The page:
Making facilities hire work for your school

Figures from the Institute for Fiscal Studies confirmed per pupil spending in England has fallen by 8 per cent since 2010 – news that will come as no surprise to school business managers at the coalface. The lack of funding for education has drawn protests, attracts daily national news coverage and yet the government shows no commitment to increasing education budgets in any meaningful way. It’s against this backdrop that schools are becoming more savvy about the potential to hire their facilities during evenings and weekends in order to generate a welcome additional revenue stream.

However, while the number of schools keeping the gates open past 3.30pm has undoubtedly increased in recent years, there are still too many that haven’t been able to take advantage of the opportunity it provides to generate additional revenue. By demystifying the process, I hope that more business managers will be encouraged to consider the possibilities it offers their own school.

While facilities hire offers huge benefit to the school – as well as those using the space – the unsociable hours and the seven-days-a-week nature of the job often poses staffing challenges. For many schools, it proves impossible to recruit a single person to open and close the premises Monday to Friday and remain on site throughout Saturday and Sunday. In addition, business managers often worry about providing cover in the event of illness, with the prospect of having groups of people turning up and unable to access the premises proving too stressful a scenario. Appointing a specialist school facilities hire partner like SLS eliminates those staffing challenges, but if that isn’t an option, it’s vital to have a robust plan in place. Think about implementing a rota system between staff, or consider a job-share role – and make sure there is a back-up process in place in the event of illness.

It’s a process that can seem hugely complicated for schools, but the planning and groundwork is worth the return. Generally, we find it’s the initial groundwork that is most off-putting to business managers, such as establishing a pricing structure, for example. We always advise schools to keep it simple – a complicated system will increase workload and make hire less likely to succeed long-term. Agree the pricing and don’t be afraid to pitch rates competitively; do your research to establish the cost for the use of equivalent facilities in the area.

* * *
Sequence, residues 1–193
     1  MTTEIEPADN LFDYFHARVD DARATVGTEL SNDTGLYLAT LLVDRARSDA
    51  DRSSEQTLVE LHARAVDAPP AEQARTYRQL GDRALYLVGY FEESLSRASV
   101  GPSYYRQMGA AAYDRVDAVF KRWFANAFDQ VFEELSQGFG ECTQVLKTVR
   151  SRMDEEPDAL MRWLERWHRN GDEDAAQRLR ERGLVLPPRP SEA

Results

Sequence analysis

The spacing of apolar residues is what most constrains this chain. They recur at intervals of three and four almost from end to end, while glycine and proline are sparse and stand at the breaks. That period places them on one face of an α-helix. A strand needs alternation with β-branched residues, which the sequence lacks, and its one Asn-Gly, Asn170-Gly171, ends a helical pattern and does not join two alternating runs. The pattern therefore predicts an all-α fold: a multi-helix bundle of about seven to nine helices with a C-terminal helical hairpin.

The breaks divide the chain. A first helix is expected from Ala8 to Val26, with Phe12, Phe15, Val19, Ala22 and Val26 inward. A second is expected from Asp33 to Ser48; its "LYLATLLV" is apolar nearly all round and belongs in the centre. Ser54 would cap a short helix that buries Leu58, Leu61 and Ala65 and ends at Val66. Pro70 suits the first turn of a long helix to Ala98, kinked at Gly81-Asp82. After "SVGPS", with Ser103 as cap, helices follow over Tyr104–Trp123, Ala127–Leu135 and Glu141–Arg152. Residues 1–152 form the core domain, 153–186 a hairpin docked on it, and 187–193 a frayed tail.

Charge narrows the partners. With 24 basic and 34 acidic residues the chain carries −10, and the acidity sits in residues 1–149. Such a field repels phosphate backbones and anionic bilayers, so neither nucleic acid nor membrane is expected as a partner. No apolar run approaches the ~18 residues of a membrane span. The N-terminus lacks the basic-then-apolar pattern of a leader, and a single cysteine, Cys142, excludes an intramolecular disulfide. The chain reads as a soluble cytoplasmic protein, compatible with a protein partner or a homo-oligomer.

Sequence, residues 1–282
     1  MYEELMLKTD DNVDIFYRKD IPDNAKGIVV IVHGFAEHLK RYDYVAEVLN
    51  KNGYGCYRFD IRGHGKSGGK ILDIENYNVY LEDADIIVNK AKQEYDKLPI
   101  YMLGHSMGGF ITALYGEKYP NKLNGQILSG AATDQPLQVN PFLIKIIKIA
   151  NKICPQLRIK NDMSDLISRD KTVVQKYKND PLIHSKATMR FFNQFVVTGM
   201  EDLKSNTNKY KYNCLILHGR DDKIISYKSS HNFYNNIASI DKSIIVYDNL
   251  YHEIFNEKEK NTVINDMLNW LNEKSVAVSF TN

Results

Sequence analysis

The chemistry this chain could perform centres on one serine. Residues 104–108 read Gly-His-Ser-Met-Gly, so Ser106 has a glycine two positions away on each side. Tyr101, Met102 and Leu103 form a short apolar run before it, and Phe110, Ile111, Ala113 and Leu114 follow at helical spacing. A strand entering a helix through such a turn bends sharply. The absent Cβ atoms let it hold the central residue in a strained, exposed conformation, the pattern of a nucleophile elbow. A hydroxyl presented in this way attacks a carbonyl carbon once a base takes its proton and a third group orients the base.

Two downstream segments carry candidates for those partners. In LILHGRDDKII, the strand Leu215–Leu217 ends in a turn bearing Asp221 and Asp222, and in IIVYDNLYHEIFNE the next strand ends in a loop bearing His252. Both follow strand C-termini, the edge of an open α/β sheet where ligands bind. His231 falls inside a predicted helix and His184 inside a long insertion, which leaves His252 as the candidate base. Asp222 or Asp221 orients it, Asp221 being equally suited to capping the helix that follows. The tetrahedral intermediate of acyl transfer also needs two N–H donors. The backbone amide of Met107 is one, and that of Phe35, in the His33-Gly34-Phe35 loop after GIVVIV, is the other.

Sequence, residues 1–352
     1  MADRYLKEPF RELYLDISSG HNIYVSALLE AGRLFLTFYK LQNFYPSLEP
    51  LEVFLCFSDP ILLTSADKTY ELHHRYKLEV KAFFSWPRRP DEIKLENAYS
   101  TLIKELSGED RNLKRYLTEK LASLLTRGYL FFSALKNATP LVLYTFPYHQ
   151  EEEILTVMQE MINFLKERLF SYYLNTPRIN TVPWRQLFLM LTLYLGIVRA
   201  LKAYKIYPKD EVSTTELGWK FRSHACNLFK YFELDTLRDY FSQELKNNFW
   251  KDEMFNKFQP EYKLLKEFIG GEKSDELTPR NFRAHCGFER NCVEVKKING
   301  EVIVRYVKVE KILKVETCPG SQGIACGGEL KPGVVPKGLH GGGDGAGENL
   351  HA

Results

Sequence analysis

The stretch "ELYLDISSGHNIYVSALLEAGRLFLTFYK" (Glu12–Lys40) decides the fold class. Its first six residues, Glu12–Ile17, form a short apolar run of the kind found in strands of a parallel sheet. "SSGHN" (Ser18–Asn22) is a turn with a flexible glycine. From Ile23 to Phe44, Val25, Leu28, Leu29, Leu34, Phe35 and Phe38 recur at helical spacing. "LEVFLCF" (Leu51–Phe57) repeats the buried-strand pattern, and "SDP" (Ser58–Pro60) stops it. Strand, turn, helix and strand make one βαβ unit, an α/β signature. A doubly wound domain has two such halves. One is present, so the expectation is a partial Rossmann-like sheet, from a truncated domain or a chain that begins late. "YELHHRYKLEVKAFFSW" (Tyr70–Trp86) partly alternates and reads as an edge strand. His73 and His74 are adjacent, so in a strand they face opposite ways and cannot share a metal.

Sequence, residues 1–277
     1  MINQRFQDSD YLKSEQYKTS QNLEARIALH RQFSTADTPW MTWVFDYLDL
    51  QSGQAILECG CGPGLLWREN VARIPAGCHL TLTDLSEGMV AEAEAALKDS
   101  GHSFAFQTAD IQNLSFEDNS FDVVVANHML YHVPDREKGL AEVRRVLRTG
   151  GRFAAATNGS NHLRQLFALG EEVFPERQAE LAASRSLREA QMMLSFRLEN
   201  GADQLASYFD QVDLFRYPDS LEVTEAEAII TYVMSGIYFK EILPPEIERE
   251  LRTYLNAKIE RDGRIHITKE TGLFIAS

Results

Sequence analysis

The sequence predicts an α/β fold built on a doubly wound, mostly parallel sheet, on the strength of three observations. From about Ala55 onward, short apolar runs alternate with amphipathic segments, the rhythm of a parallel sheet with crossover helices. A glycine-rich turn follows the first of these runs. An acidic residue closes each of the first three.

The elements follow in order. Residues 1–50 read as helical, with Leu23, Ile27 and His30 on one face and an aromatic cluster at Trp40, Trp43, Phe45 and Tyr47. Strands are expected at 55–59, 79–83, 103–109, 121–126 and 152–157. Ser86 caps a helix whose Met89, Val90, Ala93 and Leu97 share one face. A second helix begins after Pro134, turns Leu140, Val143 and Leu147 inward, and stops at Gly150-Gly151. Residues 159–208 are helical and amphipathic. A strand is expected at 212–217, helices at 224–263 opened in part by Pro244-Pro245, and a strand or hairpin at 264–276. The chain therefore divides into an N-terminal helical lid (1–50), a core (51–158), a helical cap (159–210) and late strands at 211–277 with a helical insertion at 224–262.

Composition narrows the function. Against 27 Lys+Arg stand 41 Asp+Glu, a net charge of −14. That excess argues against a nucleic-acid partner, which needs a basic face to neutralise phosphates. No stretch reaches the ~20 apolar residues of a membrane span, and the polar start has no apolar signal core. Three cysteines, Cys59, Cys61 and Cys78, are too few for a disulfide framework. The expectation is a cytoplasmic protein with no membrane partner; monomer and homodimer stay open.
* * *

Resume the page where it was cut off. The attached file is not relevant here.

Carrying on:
It’s also important to create Terms and Conditions for users that eliminates any grey areas and gives the school certainty and reassurance that those using the space understand exactly what’s expected of them. Generally, groups are very respectful of school property and will take care to ensure that the space is left as they found it.

Insurance is also a common concern for the schools we speak with, but it’s actually more straightforward than they anticipate. The onus is largely on the groups using the facilities – make sure that they have Public Liability Insurance, along with a robust health and safety policy. Where individuals are concerned – for example a group of friends getting together for a game of 5-a-side football – they aren’t required to have commercial insurance, although if the school has a facilities hire partner, the school will be protected under their insurance policy.

Safeguarding young people will also be taken care of by companies like SLS; something that shouldn’t be overlooked. We used the NSPCC as consultants to shape our safeguarding procedures, which gives the schools we work with confidence that what we have in place is thorough and effective. Schools are of course familiar with such policies, but it can sometimes be overlooked in relation to community activity outside school hours.

In a similar vein, it’s important not to overlook event-specific licensing – for certain activities, such as live music or a party serving alcohol, appropriate licenses should be sought in advance.

Schools should aim to take a proactive rather than reactive approach to their facilities hire programe. The schools with the most successful facilities hire programmes take a strategic approach that reflects the objectives of the school and maximises revenue. This should also feed into activities to market the space in the community, building a pipeline and ensuring that the facilities are enjoyed to their fullest by a diverse range of groups.

Managed properly and with the right procedures in place, there is huge opportunity for schools to significantly enhance their budget while illustrating their commitment to the community. While undoubtedly time intensive and requiring a great deal of planning and know-how, hundreds of schools are still missing out on the chance to bolster their finances at a time when they need it most.

Those schools that don’t have the resources to handle facilities hire themselves should consider appointing a company like SLS that will handle it all on their behalf – there’s nothing to lose, but plenty to gain. An effective facilities hire strategy delivers benefit beyond revenue alone and allows school staff to get on with what they do best.

Scott Warrington, Founder and Director, School Lettings Solutions

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